Several years ago a young, good-looking guy set the evangelical internet on fire with his thoughts about how Christianity was about relationship, not religion. I wrote sort of a snarky take on it back then, some of which I’m not even sure I mean any more.
Still, the whole “religion is a bad word” argument has always bothered me at some level, but I couldn’t always understand why. Recently, though, I stumbled across some ideas that made sense.
Words matter. How words are constructed help us understand their meaning. This is certainly true in the case of the word “religion.” Though some dispute the origin of the modern English word “religion,” it is widely believed to be derived from the Latin “religo” and “religare.” You likely hear other modern English words in that Latin, including “relegate,” and even “ligament.” Each of those words, like the Latin “religo” have something to do with binding. To relegate is to bind a person to a group of lesser importance. A ligament connects bones to one another.
“Religion” when it’s doing what the word itself suggests it should, is meant to connect us to God and to one another. In this way, it is quite literally a synonym of relationship, not an antonym, as the video a few years back suggested. Religion and relationship are not opposites, they are the same thing.
“Relationship” traced back to the Latin, believe it or not, comes to the English from “relatio.” Our modern words religion and relationship come to us from “religo” and “relatio.” They’ve been similar words all along, and yet too often we view them in their modern senses as opposites. I’ve never really understood why.
Still, the video lit the internet on fire. It resonated with people. It hit a nerve. He was on to something. Aside from not knowing what the word means, why are so many people feeling negatively about religion?
I believe the answer is that most people do not see “religion” being practiced but far too often fall victim to “de-ligion.” They do not see a faith practice that connects, though they crave that very thing, but one that persistently disconnects. I can attest. I have personally known people who are forcibly disconnected from a faith community because they went through a divorce, spoke out against abuse, didn’t adhere to a certain political viewpoint, or made a person in the church who had money angry. Congregants and staff members alike sometimes get elbowed out. That’s not religion, it’s de-ligion. By being disconnected from community, many also question their connection to God.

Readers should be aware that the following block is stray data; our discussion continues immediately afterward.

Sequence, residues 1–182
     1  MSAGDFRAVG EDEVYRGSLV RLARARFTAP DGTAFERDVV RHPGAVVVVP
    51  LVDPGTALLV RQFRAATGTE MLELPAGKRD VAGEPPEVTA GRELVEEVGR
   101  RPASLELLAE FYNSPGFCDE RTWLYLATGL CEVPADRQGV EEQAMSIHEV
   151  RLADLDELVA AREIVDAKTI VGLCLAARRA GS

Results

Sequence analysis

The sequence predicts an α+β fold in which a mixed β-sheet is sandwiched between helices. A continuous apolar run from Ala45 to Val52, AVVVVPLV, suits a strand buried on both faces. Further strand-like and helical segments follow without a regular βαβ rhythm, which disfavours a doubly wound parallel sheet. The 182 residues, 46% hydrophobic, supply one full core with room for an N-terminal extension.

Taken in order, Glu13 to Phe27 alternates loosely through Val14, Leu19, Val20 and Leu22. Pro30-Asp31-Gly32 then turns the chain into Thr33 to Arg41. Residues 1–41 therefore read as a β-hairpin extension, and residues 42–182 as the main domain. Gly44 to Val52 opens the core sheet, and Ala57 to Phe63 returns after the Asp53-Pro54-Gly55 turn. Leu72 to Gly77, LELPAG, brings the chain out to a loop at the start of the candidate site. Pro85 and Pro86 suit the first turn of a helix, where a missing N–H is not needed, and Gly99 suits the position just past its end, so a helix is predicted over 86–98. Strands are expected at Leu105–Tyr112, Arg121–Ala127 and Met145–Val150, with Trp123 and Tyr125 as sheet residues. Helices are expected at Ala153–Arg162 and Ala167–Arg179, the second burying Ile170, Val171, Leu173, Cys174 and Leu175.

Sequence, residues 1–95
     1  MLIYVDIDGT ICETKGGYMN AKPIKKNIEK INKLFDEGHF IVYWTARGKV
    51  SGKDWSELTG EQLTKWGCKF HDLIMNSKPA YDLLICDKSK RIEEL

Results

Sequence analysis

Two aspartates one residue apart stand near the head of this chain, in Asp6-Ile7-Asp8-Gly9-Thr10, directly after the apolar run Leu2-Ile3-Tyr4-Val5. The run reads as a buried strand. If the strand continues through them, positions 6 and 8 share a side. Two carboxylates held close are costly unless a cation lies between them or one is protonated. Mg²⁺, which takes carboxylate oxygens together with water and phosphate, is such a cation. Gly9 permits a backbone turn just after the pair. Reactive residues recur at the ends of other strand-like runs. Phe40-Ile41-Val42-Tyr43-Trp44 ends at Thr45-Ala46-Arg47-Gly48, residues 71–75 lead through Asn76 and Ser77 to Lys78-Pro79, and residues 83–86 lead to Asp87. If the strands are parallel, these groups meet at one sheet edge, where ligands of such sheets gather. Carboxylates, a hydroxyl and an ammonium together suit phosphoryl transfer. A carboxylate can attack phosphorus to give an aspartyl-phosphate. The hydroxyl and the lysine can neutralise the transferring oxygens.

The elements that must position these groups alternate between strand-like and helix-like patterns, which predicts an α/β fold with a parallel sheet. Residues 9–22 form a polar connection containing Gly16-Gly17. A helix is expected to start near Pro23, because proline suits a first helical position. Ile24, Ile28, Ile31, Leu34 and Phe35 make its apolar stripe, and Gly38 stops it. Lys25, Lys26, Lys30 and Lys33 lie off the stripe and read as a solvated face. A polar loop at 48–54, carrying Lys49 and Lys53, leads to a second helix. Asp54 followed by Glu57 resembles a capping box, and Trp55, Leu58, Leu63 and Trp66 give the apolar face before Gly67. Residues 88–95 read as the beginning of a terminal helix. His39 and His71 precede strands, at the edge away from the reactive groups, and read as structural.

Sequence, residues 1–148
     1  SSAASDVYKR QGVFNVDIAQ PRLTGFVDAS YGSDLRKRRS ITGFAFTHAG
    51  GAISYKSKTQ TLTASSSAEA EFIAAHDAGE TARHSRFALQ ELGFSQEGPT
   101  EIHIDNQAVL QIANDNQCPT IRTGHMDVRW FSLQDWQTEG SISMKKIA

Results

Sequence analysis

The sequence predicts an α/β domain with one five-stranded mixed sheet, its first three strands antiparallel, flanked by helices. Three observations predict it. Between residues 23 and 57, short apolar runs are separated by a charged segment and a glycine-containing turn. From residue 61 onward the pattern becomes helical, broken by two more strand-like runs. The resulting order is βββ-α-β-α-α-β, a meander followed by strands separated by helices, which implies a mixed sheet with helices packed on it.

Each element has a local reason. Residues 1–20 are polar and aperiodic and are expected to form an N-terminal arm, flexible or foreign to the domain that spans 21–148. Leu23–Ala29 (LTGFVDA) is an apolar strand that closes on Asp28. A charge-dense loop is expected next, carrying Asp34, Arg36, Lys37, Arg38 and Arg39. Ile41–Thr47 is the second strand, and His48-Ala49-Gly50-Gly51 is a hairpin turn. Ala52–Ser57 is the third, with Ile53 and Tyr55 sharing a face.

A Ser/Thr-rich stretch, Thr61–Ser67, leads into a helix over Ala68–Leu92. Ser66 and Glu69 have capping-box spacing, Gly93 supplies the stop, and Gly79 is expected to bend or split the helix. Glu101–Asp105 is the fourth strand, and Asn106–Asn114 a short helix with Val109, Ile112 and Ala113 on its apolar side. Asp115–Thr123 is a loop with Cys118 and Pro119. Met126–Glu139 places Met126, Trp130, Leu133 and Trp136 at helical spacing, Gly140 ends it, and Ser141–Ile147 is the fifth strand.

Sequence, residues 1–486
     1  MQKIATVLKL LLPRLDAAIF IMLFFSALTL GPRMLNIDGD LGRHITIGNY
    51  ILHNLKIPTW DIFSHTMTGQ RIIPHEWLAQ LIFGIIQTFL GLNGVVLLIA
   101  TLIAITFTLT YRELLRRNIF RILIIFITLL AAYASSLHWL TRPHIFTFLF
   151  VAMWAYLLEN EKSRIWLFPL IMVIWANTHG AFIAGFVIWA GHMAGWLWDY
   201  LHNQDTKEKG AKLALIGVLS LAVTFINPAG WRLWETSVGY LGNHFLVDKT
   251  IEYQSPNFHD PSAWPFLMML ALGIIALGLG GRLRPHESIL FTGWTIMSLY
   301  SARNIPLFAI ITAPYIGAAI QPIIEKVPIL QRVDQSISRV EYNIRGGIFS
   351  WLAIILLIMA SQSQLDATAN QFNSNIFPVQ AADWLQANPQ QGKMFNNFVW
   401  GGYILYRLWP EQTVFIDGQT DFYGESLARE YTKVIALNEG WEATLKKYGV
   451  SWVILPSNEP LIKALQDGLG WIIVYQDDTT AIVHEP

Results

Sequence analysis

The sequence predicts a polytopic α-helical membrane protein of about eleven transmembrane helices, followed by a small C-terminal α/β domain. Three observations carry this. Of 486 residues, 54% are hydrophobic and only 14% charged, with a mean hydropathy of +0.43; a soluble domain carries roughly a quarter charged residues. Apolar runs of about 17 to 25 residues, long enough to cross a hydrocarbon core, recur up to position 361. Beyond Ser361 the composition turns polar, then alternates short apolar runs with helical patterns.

It’s a connection we all crave, and if we can’t get it from religion, we’ll get it where we can. It’s why social media has taken off. It surely has something to do with how we’ve sorted ourselves out as a society, finding likeminded people we can really bind ourselves to. It must be a factor in how we behave sexually. It’s why solitude usually drives us bats and is unsustainable for most long term. We need connection.
But so often, the faith we practice accomplishes the opposite.
Throughout the ages, the Church has been famous for disconnecting itself from those it deemed unworthy. I readily admit that there are times when for the safety of the community some people must be expelled, and Scriptures are clear on that. But I don’t think historically we have run the risk of severing ties with too few people. I think we’ve grown pretty comfortable disconnected with just about anyone who doesn’t see things precisely our way (consider the infamous worship wars of the 80s and 90s, or the more recent fissures around Christian nationalism, Trumpism, racism, etc.).
The New Testament is full of language encouraging believers to stay connected despite their differences. The early church continued this struggle for the first few centuries. There was constant tension between Jew and Gentile, East and West, Rich and Poor. Eventually the West and East would divorce (The Great Schism of 1054). Five hundred years later, the Roman Catholic Church resisted reforms and the Protestant Reformation splintered the Church again. The New World brought a new frontier for further separation. There are now hundreds of Christian denominations. If that weren’t enough disconnection, within those denominations there are church splits and staff members being fired for not believing exactly the right thing.
This isn’t don’t lightly, of course. It’s actually done in the name of religion. Groups who fuss and fight and fracture are doing so in pursuit of “true religion.” They think they’re right. They don’t understand how anyone could disagree. They draw a line in the sand. They view it as their mission to defend the “true faith.”
In fact, everywhere you look in Christendom today. We aren’t even practicing re-ligion. We’re not being connected together. How grievous it must be to God to see all His kids disconnecting in the name of better religion. The Body is being severed; the product of de-ligion.
One body, many parts, Paul writes in 1 Corinthians 11. We’re not all the same. We do different stuff. This has made us so suspicious that we do the exact opposite of what Paul says we should do. We aren’t one body, many parts. We’re many bodies — totally de-ligioned.
It’s not about religion, they say — it’s about relationship. I know what they mean. But just like ligaments physically hold a body together, with all it’s complexity and variety and beauty, religion binds us together — and together binds us all to God.
Or it should, at least.